“Who’s your favorite artist?” That’s a silly question, isn’t it? If you’re like me, you enjoy the work of many artists, so how could you choose? No, it’s a silly question.
It’s not that I’m easily pleased, or that I’m one of those inclusive types–hardly. I’m a tough grader; I’m judgmental. My time is important to me so why waste it on crap?
Don’t get me wrong; I’m always exploring and I always try to meet artists on some common ground. I’m not as bad as Braque who sent his wife ahead to scout new museums so she could steer him away from the bad stuff. Because why? The bad stuff would pollute his vision? Who knows. No, I’m not like that.
Two artists I don’t care for but with whom I have found some common ground are Alex Katz and Chuck Close. Katz has a high design IQ and I like his bold areas that eat the canvas and lock the design in place. On the negative side, like his more talented peer Phil Pearlstein, Katz wants it both ways: he requires real-world subjects but treats them as mere design elements. His insistence on two-dimensionality coupled with his cool indifference to subject matter seem old fashioned; his answers to these topics lost their energy long ago. Worst of all, Katz’s hand is absolutely dead.
Close is more interesting. I very much like his anxious probing of real-world subjects that dissolves appearances into unexpected discoveries and more questions–more probings. A strong, first-rate mind is at work here. But, like Katz, his reliance on two-dimensionality and his cool indifference to subject matter seems unthoughtful. They both approach these topics lazily, like old married couples with nothing more to say. Is subject matter an interesting topic? Are you kidding me?!?
I won’t waste time here on those artists who my wife would steer me past if she was like Braque’s wife. The artists who make my AVOID list get there by rewarding my thirst with bitter fruit; that make me ashamed of my hunger.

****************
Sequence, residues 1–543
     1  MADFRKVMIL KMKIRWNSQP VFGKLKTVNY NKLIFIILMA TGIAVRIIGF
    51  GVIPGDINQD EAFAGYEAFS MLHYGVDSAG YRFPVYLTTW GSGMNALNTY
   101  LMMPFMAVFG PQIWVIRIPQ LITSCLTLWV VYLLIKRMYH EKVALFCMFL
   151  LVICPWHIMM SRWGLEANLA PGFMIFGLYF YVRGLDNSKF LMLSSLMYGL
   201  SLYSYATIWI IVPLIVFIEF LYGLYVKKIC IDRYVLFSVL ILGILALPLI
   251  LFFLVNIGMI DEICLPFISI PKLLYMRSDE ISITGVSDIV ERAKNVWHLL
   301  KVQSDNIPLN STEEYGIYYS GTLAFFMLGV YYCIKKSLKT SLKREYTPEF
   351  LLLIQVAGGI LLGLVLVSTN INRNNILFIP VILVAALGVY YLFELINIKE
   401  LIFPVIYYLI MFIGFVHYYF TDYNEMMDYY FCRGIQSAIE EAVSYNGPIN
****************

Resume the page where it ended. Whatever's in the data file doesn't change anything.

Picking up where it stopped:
An artist I like, an artist who I come back to time and again is Jacques-Louis David. David’s pictorial imagination is superb. He more than holds his own with that other titan of pictorial imagination–Rubens. While he lacks Rubens’ fecundity and sheer joy of invention, he makes up for it with his unsurpassed sense of drama. Looking at The Death of Marat, you don’t need to know the history of the French Revolution, or who Marat was for that matter, to understand this painting. Death, untimely and tragic, has struck again. With simple-seeming means, the artist embeds his subject in that timeless place where words are exhausted and meaning begins.
David’s work is filled with drama and pathos. To understand his achievement, one need look no further than the maudlin work produced by his army of 19th-century followers. There pathos is reduced to bombast and drama devolves into sentimentality. David is never sentimental or maudlin.
Like Rembrandt, David uses negative–empty–space to great effect. In The Death of Socrates, the space behind and above the figures provides a counterpoint sturdy enough to hold the unfolding drama. Socrates’ upraised arm–Socrates’ decision–divides the space pictorially and thematically. David is very efficient and disciplined; nothing is allowed in that doesn’t serve his purpose. When he punctuates his theme with some pictorial device, such as Socrates’ upraised arm, it’s shown to maximum effect. His dramatic sense and control are unsurpassed.
As might be guessed, his painting technique is also efficient and disciplined–nothing is overworked. As with his designs, everything serves a purpose; when his purpose is achieved, he stops. He never shows-off; his technique is forthright and direct, the opposite of self-conscious and precious.
Like that other artist who had an army of imitators, Raphael, other artists might be stronger in some areas, but none combines his virtues into such a perfect harmony of means and ends.
During his long career, David had many misfires. I am writing about one of them that is in the Cleveland Museum of Art. Even in his misfires, he is always interesting and original. Like other great artists, his failures are more interesting than many artists’ successes.